Ambitious research to study key environmental science questions
Five innovative new research projects could push the boundaries of science and help us understand key questions of environmental and earth science, including a research project being led by LIFD Deputy Director Dr Chris Davies.
Earth’s core as a layered system
Dr Christopher Davies (University of Leeds)
Establishing the origin of Earth’s magnetic field is crucial for understanding planetary habitability and evolution and is widely recognised as a fundamental goal in Earth science. The field has shielded the surface environment from solar radiation for billions of years and now helps mitigate against space weather events, which can significantly impact telecommunications and power grids.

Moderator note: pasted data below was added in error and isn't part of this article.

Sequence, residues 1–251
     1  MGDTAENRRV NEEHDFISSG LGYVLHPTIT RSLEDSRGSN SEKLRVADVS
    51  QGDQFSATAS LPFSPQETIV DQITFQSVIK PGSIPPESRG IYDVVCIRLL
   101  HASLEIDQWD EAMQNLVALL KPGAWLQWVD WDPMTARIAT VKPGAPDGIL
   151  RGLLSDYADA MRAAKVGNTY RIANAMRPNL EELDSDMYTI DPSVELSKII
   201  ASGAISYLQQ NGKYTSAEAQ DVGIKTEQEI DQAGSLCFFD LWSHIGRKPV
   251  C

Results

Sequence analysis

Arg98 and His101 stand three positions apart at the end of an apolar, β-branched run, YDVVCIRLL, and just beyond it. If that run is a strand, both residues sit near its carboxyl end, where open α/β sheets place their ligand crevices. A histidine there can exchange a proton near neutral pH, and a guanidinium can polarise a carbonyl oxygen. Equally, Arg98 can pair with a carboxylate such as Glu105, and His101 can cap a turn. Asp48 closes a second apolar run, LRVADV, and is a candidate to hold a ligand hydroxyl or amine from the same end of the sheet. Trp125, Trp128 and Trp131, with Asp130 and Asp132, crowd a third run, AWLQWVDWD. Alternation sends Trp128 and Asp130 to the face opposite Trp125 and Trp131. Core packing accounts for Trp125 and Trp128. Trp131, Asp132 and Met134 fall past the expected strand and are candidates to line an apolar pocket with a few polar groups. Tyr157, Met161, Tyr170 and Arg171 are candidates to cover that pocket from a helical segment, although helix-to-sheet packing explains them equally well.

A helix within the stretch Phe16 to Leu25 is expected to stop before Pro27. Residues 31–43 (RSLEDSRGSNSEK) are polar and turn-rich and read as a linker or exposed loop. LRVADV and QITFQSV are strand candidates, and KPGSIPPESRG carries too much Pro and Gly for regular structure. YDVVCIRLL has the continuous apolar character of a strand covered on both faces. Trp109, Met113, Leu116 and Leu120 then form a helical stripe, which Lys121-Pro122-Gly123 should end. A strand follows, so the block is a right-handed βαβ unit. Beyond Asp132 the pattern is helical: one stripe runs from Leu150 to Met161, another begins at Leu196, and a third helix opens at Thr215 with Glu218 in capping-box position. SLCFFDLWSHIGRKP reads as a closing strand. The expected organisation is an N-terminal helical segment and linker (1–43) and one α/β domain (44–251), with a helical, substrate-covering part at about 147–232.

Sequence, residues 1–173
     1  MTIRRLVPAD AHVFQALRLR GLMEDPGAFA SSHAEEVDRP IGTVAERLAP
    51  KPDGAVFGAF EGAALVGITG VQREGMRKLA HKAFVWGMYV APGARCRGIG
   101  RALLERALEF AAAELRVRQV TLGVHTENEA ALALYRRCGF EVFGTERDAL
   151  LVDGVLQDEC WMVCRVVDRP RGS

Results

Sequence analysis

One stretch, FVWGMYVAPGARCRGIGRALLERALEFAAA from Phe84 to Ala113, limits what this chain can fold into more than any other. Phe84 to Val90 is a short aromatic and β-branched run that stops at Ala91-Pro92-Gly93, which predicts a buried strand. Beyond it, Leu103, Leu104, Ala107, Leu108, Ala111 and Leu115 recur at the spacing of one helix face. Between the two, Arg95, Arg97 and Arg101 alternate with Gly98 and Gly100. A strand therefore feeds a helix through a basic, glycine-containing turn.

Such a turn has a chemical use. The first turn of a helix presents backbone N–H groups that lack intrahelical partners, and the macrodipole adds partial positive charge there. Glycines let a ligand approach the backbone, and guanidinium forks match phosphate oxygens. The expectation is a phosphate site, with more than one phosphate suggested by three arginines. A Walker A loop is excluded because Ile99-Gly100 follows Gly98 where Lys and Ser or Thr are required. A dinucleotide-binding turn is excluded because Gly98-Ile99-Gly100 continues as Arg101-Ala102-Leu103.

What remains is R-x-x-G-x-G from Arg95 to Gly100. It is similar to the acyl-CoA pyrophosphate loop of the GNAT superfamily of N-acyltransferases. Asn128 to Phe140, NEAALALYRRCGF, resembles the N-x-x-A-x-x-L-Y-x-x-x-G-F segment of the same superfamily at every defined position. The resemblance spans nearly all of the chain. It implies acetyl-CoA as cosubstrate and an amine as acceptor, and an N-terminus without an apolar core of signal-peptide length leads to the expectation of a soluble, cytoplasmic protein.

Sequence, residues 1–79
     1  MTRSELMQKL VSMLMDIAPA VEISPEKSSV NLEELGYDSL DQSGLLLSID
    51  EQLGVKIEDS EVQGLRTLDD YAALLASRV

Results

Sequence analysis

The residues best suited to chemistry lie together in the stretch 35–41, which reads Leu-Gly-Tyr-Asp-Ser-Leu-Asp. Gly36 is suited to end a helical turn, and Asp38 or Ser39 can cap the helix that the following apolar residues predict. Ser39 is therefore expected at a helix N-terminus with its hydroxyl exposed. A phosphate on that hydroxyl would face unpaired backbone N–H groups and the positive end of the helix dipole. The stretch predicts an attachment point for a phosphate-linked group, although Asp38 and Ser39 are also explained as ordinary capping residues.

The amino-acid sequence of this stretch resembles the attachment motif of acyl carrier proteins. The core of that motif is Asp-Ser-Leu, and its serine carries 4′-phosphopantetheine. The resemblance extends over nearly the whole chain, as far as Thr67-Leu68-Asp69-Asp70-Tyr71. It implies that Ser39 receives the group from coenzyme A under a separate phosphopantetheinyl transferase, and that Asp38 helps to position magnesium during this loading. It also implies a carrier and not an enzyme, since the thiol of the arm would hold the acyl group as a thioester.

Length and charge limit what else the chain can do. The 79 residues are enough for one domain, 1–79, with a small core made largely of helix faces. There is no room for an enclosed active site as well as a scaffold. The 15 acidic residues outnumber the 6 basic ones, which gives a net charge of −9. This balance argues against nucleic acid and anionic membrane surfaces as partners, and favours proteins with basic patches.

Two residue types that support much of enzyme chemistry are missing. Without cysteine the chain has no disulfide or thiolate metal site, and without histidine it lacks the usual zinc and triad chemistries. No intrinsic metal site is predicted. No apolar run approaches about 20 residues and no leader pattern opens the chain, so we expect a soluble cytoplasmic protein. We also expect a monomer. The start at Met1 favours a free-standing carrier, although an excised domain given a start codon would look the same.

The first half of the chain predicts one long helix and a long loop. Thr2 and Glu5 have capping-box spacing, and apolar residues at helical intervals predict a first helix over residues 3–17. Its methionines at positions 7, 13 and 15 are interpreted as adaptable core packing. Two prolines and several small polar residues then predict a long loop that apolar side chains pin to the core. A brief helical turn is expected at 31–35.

Yet the field is generated in the iron core, an ocean of liquid metal 2800 km below the surface, and so the changes we experience at Earth’s surface reflect dynamics in the most remote region of our planet.
The standard model of Earth’s core cannot explain crucial observations from seismology and geomagnetism and therefore lacks essential physics. Dr Davies believes that the observations can be explained by viewing the Earth’s core as a system of coupled layers, each with their own unique dynamics.
To test this hypothesis, he will develop a new model of the core that requires major enhancements to existing computer codes and solutions of new and complex systems of equations.